September 14, 2017

South Africa - Culpability for Stadium Disasters

The incident that saw two fans crushed to death at South African Breweries' flagship Carling Black Label Cup on 30 July 2016 is a tragic case of déjà vu for those that recall the infamous Ellis Park Stadium Disaster. However, as the organisers and sponsors of a 2012 Linkin Park rock concert at Cape Town Stadium will attest, severe consequences may befall role-players at these events when disaster strikes.

On 11 April 2001, spectators poured into Ellis Park Stadium in Johannesburg for the famous Soweto derby football match between Kaizer Chiefs and Orlando Pirates. Organisers could not keep up with the flood of people and a crowd of frustrated fans created a stampede in which 43 people were tragically crushed to death.

The Ellis Park Stadium disaster, as it came to be known, was the worst sporting accident in South African history. A commission of inquiry recommended the urgent introduction of specialist legislation to regulate safety at high risk, mass events. National Government put together a team tasked with drafting the legislation and, although it took some years to come to fruition, the Safety and at Sports and Recreation Events Act, 2 of 2010 ("the SSREA") was heralded as world class when enacted. It demands, inter alia, sophisticated event day risk assessments, risk mitigating planning, safety and security operational planning, and safety certification. 

Despite this, on Saturday 29 July 2017, history was repeated in that spectators once again poured in to watch a match between Kaizer Chiefs and Orlando Pirates, this time a special exhibition match put on by South African Breweries to promote their Carling Black Label brand, and again the day ended in tragedy. On this occasion a stampede caused the death of two fans.

In a strange twist of fate, just a day prior, the Inquest Court for the District of Cape Town handed down the first judicial pronouncement of how the SSREA operates practically and how culpability may be apportioned under the legislation. The inquest followed from another stadium tragedy that occurred on 7 November 2012 when the US rock band Linkin Park performed at the Cape Town Stadium. At the time, a temporary structure advertising the Lucozade brand erected out of scaffolding, at the instance of GlaxoSmithKline, collapsed in high winds killing one concert goer and injuring several others.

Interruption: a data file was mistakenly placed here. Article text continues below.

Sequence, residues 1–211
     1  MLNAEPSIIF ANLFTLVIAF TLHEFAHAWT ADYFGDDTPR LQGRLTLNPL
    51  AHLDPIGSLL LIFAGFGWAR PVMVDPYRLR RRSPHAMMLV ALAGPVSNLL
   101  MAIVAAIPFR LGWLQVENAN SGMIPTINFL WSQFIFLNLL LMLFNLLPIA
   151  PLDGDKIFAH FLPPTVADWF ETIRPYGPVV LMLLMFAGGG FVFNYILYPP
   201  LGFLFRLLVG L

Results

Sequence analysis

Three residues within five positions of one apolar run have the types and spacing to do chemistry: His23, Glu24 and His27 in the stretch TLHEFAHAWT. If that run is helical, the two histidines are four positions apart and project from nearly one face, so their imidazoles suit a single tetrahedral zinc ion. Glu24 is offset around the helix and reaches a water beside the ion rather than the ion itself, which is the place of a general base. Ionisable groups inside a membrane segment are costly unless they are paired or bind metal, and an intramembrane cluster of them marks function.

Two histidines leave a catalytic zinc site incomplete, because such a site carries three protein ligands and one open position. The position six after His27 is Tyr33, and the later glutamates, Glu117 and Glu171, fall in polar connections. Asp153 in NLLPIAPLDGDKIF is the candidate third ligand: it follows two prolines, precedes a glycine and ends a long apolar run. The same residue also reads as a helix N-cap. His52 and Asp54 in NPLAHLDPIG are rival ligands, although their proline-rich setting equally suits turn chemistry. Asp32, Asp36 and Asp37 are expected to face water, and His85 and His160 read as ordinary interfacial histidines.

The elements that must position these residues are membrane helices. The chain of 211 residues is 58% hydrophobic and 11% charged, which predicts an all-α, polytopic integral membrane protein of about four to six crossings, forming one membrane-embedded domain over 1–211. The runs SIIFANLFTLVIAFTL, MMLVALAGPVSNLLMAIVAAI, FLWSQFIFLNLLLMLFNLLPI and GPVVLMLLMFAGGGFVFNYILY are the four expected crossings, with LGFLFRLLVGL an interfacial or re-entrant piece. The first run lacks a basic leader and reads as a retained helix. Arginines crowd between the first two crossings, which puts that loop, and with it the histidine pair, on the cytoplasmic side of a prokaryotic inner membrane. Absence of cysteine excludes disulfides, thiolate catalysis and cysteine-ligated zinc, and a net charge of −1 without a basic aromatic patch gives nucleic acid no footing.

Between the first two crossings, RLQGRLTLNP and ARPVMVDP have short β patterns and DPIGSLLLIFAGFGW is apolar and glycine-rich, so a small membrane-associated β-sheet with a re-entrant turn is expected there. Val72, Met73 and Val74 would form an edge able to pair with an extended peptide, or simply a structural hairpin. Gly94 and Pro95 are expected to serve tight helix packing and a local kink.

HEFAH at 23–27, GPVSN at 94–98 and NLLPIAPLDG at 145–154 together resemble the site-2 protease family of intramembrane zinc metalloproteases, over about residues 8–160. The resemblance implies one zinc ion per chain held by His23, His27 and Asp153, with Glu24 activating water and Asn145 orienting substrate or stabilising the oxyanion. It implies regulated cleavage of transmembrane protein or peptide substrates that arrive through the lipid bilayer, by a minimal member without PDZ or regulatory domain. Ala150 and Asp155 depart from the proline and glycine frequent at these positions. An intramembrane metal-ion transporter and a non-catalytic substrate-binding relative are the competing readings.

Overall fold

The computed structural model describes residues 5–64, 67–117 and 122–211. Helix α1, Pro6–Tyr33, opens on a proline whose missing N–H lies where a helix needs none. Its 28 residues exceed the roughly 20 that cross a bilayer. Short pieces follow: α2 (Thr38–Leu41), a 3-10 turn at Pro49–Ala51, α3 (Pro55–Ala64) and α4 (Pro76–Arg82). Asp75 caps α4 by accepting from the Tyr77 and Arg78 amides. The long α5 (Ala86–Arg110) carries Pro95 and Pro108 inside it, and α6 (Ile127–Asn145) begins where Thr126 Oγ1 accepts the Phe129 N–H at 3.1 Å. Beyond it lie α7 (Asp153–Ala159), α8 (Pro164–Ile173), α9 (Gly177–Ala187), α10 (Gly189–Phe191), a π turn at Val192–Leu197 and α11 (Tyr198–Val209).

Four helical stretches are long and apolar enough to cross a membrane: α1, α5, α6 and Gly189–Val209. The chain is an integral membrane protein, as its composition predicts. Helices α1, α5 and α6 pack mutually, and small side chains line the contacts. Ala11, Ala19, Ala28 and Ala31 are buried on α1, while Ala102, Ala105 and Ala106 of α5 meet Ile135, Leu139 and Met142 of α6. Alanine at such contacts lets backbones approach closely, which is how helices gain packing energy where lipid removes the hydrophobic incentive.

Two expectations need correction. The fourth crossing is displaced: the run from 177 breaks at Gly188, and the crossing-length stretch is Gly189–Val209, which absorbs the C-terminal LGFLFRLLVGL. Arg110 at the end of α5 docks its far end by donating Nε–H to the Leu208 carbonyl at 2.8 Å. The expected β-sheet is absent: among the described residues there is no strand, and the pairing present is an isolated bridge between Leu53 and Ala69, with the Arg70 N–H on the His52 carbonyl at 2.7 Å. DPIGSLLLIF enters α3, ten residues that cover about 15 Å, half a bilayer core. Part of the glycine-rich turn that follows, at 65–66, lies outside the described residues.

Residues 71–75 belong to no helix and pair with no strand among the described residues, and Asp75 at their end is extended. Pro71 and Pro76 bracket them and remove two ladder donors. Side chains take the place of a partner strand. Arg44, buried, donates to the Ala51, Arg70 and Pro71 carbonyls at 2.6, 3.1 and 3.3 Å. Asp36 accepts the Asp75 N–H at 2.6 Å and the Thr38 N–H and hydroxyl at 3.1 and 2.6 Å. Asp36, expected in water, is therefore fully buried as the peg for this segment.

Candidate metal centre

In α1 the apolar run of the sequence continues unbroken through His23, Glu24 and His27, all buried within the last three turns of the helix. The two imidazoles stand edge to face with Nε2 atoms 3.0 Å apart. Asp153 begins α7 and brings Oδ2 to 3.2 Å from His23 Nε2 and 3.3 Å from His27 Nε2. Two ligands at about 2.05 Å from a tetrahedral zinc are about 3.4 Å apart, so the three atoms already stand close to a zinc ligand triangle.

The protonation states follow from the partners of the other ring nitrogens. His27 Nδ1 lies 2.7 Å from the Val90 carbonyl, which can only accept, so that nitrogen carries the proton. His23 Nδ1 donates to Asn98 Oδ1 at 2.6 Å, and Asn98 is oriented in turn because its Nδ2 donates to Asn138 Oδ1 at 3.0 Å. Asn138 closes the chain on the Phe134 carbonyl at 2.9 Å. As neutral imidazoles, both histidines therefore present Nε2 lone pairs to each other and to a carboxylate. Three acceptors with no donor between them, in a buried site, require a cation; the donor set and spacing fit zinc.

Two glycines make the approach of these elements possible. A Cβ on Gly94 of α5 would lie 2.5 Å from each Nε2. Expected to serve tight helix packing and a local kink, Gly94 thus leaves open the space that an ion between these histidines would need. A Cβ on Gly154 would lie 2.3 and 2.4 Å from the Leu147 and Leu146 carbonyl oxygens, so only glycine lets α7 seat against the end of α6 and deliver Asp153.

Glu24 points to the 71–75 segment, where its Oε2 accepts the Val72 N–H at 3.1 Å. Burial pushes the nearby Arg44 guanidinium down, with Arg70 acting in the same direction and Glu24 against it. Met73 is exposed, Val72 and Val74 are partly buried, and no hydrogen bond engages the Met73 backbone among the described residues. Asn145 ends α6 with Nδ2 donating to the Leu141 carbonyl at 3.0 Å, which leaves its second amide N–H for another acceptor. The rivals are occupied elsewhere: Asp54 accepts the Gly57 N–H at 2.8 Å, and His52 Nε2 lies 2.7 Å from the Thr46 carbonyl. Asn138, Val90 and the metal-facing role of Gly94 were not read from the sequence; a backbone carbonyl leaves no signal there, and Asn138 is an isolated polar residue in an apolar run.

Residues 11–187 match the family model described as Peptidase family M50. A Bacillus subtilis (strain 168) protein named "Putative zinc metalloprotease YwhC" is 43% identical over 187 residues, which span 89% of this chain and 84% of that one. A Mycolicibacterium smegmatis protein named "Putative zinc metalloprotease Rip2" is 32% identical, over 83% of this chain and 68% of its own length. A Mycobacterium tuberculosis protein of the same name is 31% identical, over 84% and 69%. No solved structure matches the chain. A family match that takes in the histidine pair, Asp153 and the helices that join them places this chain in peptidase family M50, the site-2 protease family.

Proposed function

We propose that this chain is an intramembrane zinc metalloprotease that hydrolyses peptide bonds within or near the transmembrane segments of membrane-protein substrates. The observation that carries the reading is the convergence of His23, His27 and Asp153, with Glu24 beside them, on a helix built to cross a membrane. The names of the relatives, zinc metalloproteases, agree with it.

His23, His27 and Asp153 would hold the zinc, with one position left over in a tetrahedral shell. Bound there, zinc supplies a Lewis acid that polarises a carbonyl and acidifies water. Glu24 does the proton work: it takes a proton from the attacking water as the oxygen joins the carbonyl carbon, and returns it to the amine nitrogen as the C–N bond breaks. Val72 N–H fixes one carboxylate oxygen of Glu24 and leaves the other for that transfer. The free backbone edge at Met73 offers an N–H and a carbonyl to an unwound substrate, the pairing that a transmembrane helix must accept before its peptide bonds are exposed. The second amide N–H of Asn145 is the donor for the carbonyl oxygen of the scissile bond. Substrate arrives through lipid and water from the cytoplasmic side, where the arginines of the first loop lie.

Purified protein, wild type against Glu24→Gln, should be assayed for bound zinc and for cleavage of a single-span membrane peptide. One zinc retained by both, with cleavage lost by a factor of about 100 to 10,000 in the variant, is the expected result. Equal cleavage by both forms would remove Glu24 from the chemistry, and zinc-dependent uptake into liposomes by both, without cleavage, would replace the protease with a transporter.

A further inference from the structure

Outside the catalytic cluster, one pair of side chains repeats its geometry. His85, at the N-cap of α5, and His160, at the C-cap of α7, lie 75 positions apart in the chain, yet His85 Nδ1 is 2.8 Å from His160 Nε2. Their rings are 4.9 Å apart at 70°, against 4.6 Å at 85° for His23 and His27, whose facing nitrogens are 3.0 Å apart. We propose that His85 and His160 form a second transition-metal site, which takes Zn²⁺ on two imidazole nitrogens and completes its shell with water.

The Linkin Park concert was organised under the auspices of the SSREA which, at the time, had been in force for just over two years. In a wide-ranging finding, the Inquest Magistrate found evidence of prima facie criminal culpability on the part of three of the role-players involved in the Lucozade “activation” (i.e. the company that put up the scaffolding, the company that designed the banner that was used to wrap the scaffolding and the company tasked with designing the concept and project managing it).

The Inquest Magistrate not only considered whether any of the role-players involved in the event's organisation were guilty of any of the specific offences created in terms of the SSREA, which carry potential sanctions of 5 to 20 years imprisonment. She also considered whether the failure to discharge a responsibility created by the legislation in fact caused the death that occurred.  In addition, she had to consider whether any of the parties, including the sponsor of the event GlaxoSmithKline, was criminally guilty of culpable homicide.  On the facts, GlaxoSmithKline was exonerated but three other role-players were found prima facie guilty of culpable homicide.

Event organisers of the recent Carling Black Label Cup appear to be blaming the incident on the distribution of counterfeit tickets. The Premier Soccer League has already appointed a Senior Advocate to investigate the events and in the fullness of time there will be a criminal inquest, possible criminal prosecutions and civil actions. Just as in the inquest into the Linkin Park concert death, a large and complex web of role-players will have their conduct scrutinised against the prescripts of the SSREA.

Organisers, sponsors, local authorities and their indemnity insurers should be aware of the exacting standards demanded by the SSREA and understand the implications of lack of compliance. In the case of the Linkin Park concert, three role-players underestimated what was required of them and the consequences are serious. In time, we will no doubt learn more of what transpired at the Carling Black Label Cup and there may then also be serious consequences for those involved.

Companies and brands that involve themselves in events of this nature are, almost unwittingly, exposing themselves to a multitude of risk factors that are not easily foreseeable to those in a corporate environment. This underscores the importance of taking proper advice and cooperating closely with in-country experts.

Clyde & Co acted for the City of Cape Town which was absolved in the inquest proceedings following the death at the Linkin Park concert.

Published  in Commercial Risk Africa on 13th September 2017: http://www.commercialriskonline.com/culpability-stadium-disasters/